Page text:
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What is adventure travel in Ontario is for cavers a regular Sunday afternoon. Rob, Jeff, Jeff and I revisited this marble cave to hopefully explore other, thus far un-visited passages.

see video on Adventure travel in Ontario – Exploring marble caves, here

At this time we have discovered several other likely cave leads in the area, in particular, a sinking stream (thanks Steve M.) with massive potential for tunnels, but unfortunately it will take some land-owner permission and then a concerted effort by a team with capabilities of heavy rock removal.

Within our already visited cave we explored out into the darker nooks that I had missed last visit. We found several going passages. This particular spot as seen above – with the wad of flowstone marks the entrance to a tube that we are yet to explore. Getting to this spot is somewhat disarming as you wade through about 18 inches of water and 2-3 feet of soupy mud. Every step causes the water around you to literally boil with escaping methane. You can feel sticks and branches down beneath the mud and in their decomposition they are releasing gas. I am wondering what effect open flame might have on the journey across the expanse that leads to this spot.

Anyway – distant as this location is from my home in Guelph, it seems to be rife with caving possibilities so the focus for our caving exploits seems to be increasingly concentrated in this area. There are many karst features in the limestone right at the edge of the shield – in part due to the rocks natural suitability and in part due to the acid water running off the shield.

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For some this would be a winter caving hell, and admittedly, the weather was 30 below zero and wallowing around in that muddy tube was getting a little cold. We cleared a space through about 5 feet of bedrock, dredged the water down by bailing with buckets and rubber boots, then we entered the tunnel on our bellies – see short video on Winter caving hell – adventure sport in Canada – here

At the end of this tube the water and tunnel roof came to within about an inch of each other and there was a good breeze blowing through the gap. Unfortunately I finally lost my nerve as the tunnel along which we’d come was refilling with water, and underground water (midwinter or otherwise) can be a little numbing. My caving partner at the time had traced the resurgence of the water in this passage to a spot several hundred meters distant.

When I finally emerged from the tube the front of my wet suit was pierced by innumerable rusty spines from the barbed wire that had once lain over the top of the feature, I suppose I must have looked like an industrial-age porcupine that had run into decline like the many factories of the region. Oddly, though my skin had also been punctured I had never felt a thing, but knowing they were there and pulling them out was a little creepy – I’m surprised I never got tetnus.

This project took place around 10 years ago and it certainly presented a few challenges, amongst those obstacles the need for me to loose around 20 pounds to fit in the tube and make it back alive.

 

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In the Fall 1998 edition of the Canadian Caver, Brad Wilson relates an interesting experience that he had while exploring a remote cave in the Canadian Shield. He says that he could see a small room beyond a horribly tight squeeze so instead of going face forwards like he would normally do, he went feet first and after a little struggling he suddenly slipped through into a tube – chest deep into icy water. As Brad points out, to have gone head first would likely have been the end of him.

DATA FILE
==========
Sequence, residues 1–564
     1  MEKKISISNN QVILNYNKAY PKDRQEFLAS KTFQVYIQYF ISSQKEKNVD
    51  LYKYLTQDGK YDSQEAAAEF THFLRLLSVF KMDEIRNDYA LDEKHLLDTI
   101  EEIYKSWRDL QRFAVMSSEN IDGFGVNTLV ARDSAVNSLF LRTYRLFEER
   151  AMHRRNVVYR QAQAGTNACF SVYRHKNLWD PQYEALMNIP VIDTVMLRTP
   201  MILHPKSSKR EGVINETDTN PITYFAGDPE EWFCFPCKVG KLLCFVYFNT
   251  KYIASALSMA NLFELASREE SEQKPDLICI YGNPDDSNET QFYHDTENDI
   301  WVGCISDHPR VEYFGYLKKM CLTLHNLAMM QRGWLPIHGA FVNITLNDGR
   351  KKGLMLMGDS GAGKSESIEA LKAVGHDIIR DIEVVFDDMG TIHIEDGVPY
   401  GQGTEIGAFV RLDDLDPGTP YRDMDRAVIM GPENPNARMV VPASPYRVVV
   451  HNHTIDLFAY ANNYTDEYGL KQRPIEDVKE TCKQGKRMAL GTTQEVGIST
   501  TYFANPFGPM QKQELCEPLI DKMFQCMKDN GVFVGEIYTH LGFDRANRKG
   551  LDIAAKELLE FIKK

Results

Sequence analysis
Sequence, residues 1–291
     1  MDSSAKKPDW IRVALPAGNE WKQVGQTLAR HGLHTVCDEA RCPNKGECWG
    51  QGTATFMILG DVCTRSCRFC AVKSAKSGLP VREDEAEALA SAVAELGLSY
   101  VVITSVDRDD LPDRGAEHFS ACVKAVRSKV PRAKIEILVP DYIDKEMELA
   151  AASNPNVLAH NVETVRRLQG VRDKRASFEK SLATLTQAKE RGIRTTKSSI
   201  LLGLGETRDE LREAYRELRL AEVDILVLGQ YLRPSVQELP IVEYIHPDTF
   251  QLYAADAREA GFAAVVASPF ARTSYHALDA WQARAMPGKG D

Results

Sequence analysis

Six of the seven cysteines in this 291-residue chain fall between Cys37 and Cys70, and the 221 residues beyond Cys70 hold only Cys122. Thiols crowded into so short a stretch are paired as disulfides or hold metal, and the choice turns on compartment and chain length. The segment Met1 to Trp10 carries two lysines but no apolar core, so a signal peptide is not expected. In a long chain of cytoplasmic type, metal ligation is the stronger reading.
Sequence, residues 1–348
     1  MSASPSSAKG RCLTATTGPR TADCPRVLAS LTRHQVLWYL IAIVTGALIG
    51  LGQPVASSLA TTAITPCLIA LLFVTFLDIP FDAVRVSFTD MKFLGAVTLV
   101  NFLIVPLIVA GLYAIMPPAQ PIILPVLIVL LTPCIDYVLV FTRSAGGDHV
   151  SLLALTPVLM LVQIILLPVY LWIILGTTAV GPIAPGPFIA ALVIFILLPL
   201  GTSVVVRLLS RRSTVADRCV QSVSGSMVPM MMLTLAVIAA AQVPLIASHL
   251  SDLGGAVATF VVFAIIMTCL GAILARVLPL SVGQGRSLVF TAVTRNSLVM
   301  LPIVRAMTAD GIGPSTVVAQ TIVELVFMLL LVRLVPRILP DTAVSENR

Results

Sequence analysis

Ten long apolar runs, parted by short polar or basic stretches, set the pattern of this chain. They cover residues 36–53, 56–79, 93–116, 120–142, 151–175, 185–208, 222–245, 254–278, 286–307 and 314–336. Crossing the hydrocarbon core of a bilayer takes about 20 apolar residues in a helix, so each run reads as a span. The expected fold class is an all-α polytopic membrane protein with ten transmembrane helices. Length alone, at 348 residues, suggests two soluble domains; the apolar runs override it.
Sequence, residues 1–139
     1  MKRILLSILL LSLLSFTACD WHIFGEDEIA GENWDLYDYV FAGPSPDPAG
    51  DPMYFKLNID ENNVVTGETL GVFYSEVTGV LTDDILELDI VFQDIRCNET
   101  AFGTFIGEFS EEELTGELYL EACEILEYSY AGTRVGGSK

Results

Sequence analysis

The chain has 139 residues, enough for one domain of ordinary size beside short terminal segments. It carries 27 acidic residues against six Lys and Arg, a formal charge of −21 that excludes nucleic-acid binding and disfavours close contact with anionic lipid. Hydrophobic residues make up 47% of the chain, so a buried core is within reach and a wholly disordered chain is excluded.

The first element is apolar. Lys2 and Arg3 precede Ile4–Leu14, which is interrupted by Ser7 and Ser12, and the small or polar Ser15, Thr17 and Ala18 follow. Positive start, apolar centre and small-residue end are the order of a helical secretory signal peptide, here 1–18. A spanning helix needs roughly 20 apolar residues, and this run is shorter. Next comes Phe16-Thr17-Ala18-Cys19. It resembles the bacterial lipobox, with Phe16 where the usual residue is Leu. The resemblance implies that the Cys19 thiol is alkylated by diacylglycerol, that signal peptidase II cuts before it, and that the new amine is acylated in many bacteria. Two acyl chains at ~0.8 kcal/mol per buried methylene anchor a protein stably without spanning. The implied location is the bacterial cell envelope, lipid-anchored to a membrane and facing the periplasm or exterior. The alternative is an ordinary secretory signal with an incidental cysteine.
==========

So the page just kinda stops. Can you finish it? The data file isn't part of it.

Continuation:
Exploring the rock from within, as we did at Twin Trickles Cave was certainly an amazing experience. The marble and calcite was incredibly sculpted and at the bottom of the shaft pictured above, there was a room that was bowl-like, and entirely striped black and white by the surrounding rock. When I mention a cave in the same sentence that I mention Bancroft, I do not for an instant suggest that it is a site for rock and mineral collecting. Caves are natural wonders that have been thousands of years in the making. They should be left exactly as they are found.

Check out this video documentary of exploring rock and minerals from within (Bancroft) here.

Twin Trickles Cave is some short distance into the forest and on the day that we visited, it was horribly inundated with ferocious black flies – food for the bats that reside within. although Twin Trickles is not a large cave, the rooms are sizeable for Ontario and there is a long tubular tunnel that seems not to have been followed either by ourselves or Brad’s group in 1987 – obviously it is no easy task and it dips down toward the water table. There are plenty of unprobed leads in the area of Twin Trickles so there will be more trips up in that direction this coming summer.

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Embryo Cave, originally uploaded by Mic2006.

JC and I spent the weekend at one of our favorite northerly destinations exploring both Embryo and Twin Trickles caves. Both these caves are seldom visited and if it were not for the initial visit by Marcus and Brad they likely would be entirely forgotten by now.

Both Embryo Cave and Twin Trickles are marble caves at the edge of the Canadian Shield (near Toronto Canada), but they are very different in character.

Much as you might imagine, Embryo Cave is a cave that is smooth inside, easily traversed, the long borehole crawl being in soft silt, while Twin trickles is a cave in which you shred your knees, cave suit and anything else on or around you. The rock in Twin Trickles is sharp and jagged, the cave dips quickly downward through jagged portals and though the marble is beautifully banded there is more a feeling of intimidation in this cavity, it varies between tight and spacious, dry and soaking wet, jagged and more jagged, with lots and lots of black flies – see video on Embryo Cave here.